'Dance: Legends and legacies' Robert Battle's inaugural season as Ailey's artistic director (37107)
'Dance: Legends and legacies' Robert Battle's inaugural season as Ailey's artistic director (37106)
'Dance: Legends and legacies' Robert Battle's inaugural season as Ailey's artistic director (37105)

Our dance community and dance history are incredibly rich; those who have achieved the highest levels of success in this often difficult discipline deserve considerable attention. This series, “Dance: Legends and legacies,” is presented with our dance icons and their legacies in mind.

A series of questions have been developed about our legends and their chosen legacies. We hope to either introduce or remind our readers about who they are, what they have done and what they continue to do to maintain the continuum we call the Black tradition in dance.

This fourth article in the series celebrates Alvin Ailey’s legacy with Judith Jamison, artistic director emerita; Robert Battle, artistic director, the Alvin Ailey American Dance Theater (AAADT); Tracy Inman, co-director (with Melanie Person) of the Ailey School; Troy Powell, artistic director designate (who will follow Sylvia Waters as artistic director; Waters will retire in June 2012); and Demitia Hopkins, AAADT company member.

For the series, the “legend” generally chooses the “legacy”; however, as Jamison said, “All of the people who work here, that’s my legacy-the legacy is something bigger than one person.”

(For our original interview with Jamison, see the June 24, 2010, issue of the Amsterdam News.)

Amsterdam News: Do you consider Alvin Ailey and Judith Jamison legends?

Battle: Ailey in what he has accomplished and Judith because of the impact she has on people.

Inman: Yes, because of what they have done for dance overall.

Powell: They set many platforms for the next generation.

Hopkins: They changed the face of modern dance.

Have they made an imprint on your work via their life’s work?

Battle: Yes! The images of Jamison as being tall, “Revelations” reflects so much. Mr. Ailey saw that in her, and it made me stand more erect. Now, at the helm, this lineage is a testimony of how and when someone uses their light to illuminate all of us.

Inman: They elevated dance as a dignified art form, established one of the finest institutions and continue to bring viable artists to the forefront. Battle brings a new energy, and I’m looking forward to developing this relationship.

Powell: They instilled the importance of learning, listening and watching.

Hopkins: I’m just getting to know Mr. Battle, but in rehearsing his “Takademe” he is precise but then sends you on your way.

How does race figure into your dance life?

Battle: Ailey offered us possibilities-he named the company Alvin Ailey American Dance Theater and audiences responded. The only thing that would hold me back is my own lack of imagination.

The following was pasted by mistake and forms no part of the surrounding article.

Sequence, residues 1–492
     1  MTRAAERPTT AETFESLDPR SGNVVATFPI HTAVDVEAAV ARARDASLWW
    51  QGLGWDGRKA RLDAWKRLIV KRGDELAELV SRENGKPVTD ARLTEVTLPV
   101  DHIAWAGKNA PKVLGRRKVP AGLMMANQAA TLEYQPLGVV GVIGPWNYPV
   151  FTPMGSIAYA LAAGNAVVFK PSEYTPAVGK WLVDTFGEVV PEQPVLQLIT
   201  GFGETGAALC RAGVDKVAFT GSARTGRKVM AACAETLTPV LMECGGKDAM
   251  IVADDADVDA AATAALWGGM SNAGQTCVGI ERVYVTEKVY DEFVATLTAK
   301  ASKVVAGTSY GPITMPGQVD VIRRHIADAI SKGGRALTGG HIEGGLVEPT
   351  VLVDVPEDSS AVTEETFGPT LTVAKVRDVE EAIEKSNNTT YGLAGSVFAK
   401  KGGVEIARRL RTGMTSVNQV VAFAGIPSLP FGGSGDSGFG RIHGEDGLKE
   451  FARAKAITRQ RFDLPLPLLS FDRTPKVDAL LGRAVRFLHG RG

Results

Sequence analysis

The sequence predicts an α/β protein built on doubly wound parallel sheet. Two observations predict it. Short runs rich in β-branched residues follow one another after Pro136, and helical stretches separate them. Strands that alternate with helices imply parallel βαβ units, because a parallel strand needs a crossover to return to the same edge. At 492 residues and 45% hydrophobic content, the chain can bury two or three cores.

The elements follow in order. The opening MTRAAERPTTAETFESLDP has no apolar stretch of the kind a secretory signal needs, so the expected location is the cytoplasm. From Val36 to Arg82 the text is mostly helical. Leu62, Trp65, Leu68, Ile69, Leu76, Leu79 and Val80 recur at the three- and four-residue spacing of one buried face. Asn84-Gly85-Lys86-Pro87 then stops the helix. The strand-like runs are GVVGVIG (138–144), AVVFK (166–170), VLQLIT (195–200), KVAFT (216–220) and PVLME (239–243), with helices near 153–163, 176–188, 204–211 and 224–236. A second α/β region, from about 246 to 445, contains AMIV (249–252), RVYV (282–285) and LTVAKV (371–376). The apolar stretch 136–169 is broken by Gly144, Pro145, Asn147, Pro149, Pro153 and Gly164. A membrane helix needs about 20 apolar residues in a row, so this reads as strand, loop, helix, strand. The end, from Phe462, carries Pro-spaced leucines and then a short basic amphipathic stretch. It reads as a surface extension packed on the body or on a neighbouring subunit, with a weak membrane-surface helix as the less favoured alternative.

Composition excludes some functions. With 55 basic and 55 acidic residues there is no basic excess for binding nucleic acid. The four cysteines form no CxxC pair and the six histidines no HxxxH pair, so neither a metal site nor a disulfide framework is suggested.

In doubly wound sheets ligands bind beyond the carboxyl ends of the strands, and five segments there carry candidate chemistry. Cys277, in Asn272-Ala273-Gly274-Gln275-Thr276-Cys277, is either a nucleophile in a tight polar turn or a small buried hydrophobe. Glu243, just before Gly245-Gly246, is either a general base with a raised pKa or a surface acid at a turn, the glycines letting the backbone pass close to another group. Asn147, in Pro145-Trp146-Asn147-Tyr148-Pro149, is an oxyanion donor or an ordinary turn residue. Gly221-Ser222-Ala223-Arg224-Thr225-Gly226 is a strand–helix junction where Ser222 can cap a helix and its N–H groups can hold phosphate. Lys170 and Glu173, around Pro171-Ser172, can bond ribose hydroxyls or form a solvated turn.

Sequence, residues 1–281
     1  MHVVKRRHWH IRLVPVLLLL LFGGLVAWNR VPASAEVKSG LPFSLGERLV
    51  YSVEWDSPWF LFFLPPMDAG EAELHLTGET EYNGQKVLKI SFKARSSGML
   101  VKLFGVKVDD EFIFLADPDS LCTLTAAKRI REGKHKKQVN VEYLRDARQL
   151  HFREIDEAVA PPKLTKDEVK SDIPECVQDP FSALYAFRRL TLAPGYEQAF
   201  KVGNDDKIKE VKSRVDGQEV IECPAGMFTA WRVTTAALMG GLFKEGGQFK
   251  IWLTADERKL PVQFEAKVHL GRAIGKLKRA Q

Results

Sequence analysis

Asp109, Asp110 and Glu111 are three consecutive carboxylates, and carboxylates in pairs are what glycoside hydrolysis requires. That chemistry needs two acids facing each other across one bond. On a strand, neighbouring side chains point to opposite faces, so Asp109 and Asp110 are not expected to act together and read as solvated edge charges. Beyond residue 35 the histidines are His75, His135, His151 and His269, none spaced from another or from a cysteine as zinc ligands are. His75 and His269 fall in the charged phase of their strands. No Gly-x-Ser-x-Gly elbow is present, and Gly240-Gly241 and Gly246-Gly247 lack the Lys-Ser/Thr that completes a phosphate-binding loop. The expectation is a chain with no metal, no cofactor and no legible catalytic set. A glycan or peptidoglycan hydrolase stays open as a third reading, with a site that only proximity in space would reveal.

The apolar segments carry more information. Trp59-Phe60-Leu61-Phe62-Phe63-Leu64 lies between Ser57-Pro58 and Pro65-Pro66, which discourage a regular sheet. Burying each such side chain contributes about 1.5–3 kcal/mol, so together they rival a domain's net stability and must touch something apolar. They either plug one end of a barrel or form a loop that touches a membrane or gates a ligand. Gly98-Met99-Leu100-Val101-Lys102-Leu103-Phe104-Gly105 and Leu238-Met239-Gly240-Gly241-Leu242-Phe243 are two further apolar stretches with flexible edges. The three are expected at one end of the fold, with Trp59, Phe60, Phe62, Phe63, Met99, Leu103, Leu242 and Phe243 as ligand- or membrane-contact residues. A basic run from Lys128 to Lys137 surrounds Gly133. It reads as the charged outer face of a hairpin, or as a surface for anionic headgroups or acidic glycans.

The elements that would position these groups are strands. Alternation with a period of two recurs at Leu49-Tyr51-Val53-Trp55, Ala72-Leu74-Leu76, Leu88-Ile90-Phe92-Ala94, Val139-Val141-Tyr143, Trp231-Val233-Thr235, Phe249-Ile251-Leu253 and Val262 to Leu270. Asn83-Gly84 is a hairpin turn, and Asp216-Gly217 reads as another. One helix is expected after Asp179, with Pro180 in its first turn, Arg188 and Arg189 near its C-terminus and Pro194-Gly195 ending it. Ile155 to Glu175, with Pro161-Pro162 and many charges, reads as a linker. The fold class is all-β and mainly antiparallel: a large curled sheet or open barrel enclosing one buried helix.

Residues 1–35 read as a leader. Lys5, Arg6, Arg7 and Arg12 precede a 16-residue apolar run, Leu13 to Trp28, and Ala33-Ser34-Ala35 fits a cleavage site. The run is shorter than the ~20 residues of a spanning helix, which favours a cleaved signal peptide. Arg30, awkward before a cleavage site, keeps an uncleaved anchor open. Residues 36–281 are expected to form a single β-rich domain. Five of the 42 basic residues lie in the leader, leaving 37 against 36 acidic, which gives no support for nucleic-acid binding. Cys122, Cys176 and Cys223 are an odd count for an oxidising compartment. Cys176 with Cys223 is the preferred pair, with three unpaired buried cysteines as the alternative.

Inman: The world Mr. Ailey created confirmed that the color of your skin does not determine your ability to grasp the dance or culture of a people.

Powell: Mr. Ailey began the company to celebrate our culture-we are exposing others to our heritage through dance.

Hopkins: I used to think so, but not anymore. Mr. Battle is helping to broadening the horizon.

What do you believe your place in dance is today and into the future?

Battle: Mr. Ailey envisioned a place for choreographers to speak their minds. This has always been in my DNA. Today, I can look into the faces of the nine new dancers who have worked so hard for this dream job and I can pay it forward; I can help to expand on what is already there.

Inman: I have a good foundation that I will build on without losing sight of where I came from.

Powell: My job is to keep this tradition strong.

Hopkins: I am still figuring out what I can give, but I’m looking forward to my second season.

This season, which promises to “reach back into Ailey traditions and stretch out in new directions,” marks Battle’s inaugural season as artistic director. Battle is bringing back Ailey’s first full-length work without a plot, “Streams” (1970), to show “how versatile a choreographer [Ailey] was.” He is also presenting Joyce Trisler’s meditative female solo, “Journey” (1958), to honor Trisler, a dear friend and colleague of Ailey’s.

Battle is also introducing AAADT to his mentor and an American master choreographer, Paul Taylor, through Taylor’s “Arden Court” (1981). He explained he is doing so because he “wants the dancers to have new challenges.”

Battle is equally proud of the new direction for the company, which includes the premiere of hip-hop choreographer Rennie Harris’ “Home” and American-Israeli choreographer Ohad Naharin’s “Minus 16” (1999). He doesn’t mind being in the same league as Harris and Naharin, who are sometimes called bad boys, because they are “passionate people…who love [their] work. [After all], the cornerstone of AAADT is passion and humanity.”

Also on this season’s calendar is Battle’s “Takademe” (1999), made in his tiny apartment, which will now be performed to live music. His excitement is palpable. “Oh yeah,” he offered, “I’ve always wanted to see that happen…now it can.”

Other season highlights include: Jamison’s “Forgotten Time”; “Love Stories,” by Jamison with Battle and Harris; Ailey’s “Cry”; the unforgettable “Revelations”; and more. The opening night gala boasts honorary chairs first lady Michelle Obama; the model Iman; singer John Legend with Alicia Graf Mack in “If It’s Magic,” by Jamison; Taylor’s “Arden Court”; Lar Lubovitch’s “Prelude to a Kiss”; and “Revelations” with 50 dancers.

AAADT runs Nov. 30-Jan. 1, 2012, at New York City Center. For more information, call (212) 581-1212 or visit www.alvinailey.org.